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I’m joined by Rick Lee, Chief People Officer at Willmott Dixon to talk about the case for decency in the leadership.

Rick and his team are focused on attracting, retaining, developing, and promoting the best people and ensuring that they enjoy the career of a lifetime at Willmott Dixon. He is passionate about diversity and is a member of the Government’s Women’s Business Council. He was awarded an OBE in 2021 for services to business and equality.

Willmott Dixon is a privately-owned contracting and interior fit-out group, that values collaboration, sustainability and people. Founded in 1852, Willmott Dixon is dedicated to leaving a positive legacy in our communities and environment. Willmott Dixon is accredited with Investors in People – Platinum, and, in 2022, was named the best big company to work for in the UK by Best Companies.


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Jacqueline Conway  00:00

The organisational peak is a perilous environment. It’s more complex and challenging than anything that’s gone before. And as a consequence, both executive tenure and corporate longevity are decreasing. To survive and thrive at the perilous peak, executive leaders need to balance their functional leadership or focus on execution with enterprise leadership, that is ensuring the organisation adapts and our new world. That’s what we’ll be exploring in the advanced executive leadership podcast. Welcome. I’m your host Jacqueline Conway. I’m the founder and managing director of Waldencroft, a consulting practice dedicated to helping executives and executive teams anticipate, navigate and lead at the paperless peak.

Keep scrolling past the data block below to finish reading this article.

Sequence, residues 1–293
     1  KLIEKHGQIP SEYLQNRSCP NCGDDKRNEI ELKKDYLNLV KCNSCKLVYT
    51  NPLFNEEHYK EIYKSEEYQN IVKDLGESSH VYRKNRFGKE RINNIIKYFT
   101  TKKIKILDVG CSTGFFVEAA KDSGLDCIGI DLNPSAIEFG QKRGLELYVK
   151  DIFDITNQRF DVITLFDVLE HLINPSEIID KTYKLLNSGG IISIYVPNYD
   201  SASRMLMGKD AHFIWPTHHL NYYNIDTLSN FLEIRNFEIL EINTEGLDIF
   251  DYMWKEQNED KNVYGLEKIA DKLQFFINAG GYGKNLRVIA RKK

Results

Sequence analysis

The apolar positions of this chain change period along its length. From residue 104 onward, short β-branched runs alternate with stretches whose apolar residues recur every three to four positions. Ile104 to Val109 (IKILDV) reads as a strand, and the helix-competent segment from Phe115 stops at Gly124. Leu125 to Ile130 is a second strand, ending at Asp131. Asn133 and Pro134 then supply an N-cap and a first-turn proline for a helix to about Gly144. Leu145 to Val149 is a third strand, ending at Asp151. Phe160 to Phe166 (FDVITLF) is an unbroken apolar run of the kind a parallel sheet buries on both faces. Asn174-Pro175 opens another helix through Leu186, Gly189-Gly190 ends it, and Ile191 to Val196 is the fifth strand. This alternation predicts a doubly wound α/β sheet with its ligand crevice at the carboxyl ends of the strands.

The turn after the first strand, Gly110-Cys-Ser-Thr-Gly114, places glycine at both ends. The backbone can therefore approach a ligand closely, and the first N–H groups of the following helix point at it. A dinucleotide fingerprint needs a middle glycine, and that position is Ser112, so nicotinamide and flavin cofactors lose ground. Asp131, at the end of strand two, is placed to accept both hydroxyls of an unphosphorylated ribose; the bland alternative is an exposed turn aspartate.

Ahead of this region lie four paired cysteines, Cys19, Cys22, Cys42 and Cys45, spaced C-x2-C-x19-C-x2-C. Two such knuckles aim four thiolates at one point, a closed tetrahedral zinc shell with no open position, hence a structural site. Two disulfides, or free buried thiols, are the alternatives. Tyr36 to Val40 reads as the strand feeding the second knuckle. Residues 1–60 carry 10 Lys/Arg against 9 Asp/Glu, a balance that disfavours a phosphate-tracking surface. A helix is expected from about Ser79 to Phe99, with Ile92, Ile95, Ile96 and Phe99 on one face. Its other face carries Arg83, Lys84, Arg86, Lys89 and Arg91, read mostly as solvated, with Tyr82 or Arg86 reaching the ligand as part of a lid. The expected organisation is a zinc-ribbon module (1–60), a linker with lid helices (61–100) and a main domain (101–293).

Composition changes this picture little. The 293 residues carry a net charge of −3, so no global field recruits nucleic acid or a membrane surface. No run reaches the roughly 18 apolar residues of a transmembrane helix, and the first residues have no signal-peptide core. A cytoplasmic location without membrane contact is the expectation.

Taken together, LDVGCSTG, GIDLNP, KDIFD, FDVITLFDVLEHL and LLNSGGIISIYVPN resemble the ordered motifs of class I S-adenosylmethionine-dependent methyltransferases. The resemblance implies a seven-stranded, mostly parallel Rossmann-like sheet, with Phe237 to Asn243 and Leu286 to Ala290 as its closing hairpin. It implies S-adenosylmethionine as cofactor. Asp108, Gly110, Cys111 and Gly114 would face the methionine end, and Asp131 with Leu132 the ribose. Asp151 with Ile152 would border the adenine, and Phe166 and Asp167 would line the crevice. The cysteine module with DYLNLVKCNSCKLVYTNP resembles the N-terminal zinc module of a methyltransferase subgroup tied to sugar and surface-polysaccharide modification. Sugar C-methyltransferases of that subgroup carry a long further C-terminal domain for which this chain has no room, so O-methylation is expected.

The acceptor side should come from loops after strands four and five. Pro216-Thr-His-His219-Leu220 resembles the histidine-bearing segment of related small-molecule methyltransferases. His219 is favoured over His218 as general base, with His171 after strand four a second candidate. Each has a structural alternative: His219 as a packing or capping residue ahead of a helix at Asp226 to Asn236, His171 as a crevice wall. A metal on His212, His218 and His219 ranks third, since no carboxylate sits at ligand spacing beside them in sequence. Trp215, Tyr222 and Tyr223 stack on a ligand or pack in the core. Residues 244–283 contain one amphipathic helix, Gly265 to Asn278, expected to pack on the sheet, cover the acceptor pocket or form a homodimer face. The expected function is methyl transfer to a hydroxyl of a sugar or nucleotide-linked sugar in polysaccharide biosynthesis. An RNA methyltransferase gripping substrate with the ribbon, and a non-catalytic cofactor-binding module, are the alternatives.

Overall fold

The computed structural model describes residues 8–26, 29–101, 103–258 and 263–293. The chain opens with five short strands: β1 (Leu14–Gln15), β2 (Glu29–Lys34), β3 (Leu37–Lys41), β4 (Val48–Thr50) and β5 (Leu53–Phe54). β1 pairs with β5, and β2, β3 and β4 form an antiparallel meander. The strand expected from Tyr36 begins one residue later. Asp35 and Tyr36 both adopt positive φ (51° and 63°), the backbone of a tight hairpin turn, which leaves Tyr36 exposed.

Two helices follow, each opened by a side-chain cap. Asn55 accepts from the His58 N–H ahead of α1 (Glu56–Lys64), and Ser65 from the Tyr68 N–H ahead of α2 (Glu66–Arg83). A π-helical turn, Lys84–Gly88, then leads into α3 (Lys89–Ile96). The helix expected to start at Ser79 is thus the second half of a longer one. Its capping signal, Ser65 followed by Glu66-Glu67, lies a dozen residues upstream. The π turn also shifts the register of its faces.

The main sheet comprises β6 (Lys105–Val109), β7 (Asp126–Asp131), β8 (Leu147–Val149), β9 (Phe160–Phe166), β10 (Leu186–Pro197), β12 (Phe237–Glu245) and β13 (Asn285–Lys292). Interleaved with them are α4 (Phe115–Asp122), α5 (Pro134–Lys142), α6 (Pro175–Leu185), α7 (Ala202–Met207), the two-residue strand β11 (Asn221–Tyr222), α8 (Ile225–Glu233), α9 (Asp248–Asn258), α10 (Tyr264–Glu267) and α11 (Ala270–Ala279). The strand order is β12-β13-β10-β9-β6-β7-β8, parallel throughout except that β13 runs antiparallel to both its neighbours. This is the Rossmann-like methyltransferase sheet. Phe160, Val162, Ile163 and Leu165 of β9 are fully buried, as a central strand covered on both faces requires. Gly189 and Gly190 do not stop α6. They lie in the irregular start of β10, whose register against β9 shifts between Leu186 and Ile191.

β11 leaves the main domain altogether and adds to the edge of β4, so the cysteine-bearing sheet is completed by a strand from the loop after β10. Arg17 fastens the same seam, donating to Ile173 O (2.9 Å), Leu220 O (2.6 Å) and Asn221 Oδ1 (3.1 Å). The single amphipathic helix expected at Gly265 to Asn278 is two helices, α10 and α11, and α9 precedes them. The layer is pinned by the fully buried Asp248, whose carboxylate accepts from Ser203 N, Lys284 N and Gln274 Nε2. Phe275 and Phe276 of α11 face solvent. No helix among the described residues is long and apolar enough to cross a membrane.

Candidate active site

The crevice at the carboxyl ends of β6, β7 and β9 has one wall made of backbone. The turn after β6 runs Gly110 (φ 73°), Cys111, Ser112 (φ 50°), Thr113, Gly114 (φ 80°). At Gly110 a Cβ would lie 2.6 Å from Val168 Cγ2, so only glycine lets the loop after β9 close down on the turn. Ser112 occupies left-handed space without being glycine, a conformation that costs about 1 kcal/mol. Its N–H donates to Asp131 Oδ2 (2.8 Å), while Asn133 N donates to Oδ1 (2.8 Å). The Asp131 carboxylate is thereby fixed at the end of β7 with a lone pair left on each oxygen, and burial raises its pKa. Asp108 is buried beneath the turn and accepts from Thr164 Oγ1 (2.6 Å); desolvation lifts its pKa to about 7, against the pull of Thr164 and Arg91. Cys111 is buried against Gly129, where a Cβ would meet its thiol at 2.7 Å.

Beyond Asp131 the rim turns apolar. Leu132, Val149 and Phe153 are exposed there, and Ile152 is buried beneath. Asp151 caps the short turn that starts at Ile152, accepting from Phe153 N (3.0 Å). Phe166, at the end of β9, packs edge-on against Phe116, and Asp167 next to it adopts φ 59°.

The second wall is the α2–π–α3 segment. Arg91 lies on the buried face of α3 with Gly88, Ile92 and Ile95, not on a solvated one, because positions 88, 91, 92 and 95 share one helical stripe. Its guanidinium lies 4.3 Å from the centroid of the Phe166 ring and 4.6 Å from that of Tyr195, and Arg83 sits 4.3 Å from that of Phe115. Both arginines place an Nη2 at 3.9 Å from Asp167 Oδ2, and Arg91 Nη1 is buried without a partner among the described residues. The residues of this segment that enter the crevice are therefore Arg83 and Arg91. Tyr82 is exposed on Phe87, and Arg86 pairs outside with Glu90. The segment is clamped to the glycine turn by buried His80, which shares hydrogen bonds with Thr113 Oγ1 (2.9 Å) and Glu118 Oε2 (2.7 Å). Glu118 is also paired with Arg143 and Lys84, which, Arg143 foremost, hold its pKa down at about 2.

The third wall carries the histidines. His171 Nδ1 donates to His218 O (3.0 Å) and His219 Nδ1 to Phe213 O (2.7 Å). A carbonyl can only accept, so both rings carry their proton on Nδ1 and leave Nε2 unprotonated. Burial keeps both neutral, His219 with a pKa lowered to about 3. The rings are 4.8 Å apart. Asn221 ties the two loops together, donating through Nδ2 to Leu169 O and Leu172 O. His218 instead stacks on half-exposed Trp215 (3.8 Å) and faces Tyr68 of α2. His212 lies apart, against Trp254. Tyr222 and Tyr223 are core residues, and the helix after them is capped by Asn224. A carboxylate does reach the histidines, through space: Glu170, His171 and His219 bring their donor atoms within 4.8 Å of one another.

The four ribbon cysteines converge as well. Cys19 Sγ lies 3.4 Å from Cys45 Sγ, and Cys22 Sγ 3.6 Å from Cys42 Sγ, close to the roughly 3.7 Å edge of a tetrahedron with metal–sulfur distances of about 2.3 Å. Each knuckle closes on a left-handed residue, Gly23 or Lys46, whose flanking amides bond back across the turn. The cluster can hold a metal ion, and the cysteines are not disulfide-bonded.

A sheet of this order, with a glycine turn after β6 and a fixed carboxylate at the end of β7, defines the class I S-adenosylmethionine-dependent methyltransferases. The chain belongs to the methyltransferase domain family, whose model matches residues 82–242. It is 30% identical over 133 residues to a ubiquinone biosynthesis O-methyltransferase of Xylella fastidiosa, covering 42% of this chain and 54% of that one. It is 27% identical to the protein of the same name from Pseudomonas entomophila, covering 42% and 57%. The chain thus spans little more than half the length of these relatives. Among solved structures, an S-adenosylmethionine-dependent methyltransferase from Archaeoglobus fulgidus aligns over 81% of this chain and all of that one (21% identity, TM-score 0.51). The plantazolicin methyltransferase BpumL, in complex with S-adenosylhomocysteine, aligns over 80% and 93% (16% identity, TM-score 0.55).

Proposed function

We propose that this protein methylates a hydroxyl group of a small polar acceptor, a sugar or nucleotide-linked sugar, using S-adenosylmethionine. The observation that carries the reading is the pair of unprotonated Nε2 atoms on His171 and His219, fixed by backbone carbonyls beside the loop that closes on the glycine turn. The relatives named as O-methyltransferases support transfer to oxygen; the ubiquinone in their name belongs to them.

In episode 43 of the podcast, we explored the idea of running a business for more than just profit, and tied it to this idea of ethical leadership. We continue on that theme today to look at decency in organisations as a guiding principle for our behaviour. And as a framework for decision making.

It was the New Jersey Senator Cory Booker who said, small acts of decency ripple in ways we could never imagine. In this election year in the US, and in the UK, decency seems to be a somewhat old fashioned word, something that belonged to another era. And yet, I believe that it’s a vital component of good leadership, and is central to companies acting We’ll I’m joined by Rick Lee today, who’s the Chief People Officer of Willmott, Dixon, a company that puts decency at the heart of everything they do. And I’ll pick up this episode for the last one left off about place, as humans are located in the place. And the quality of those places has an impact on our ability to lead a meaningful life and to be in touch with an authentic desire towards decency and leadership.

Rick Lee  02:20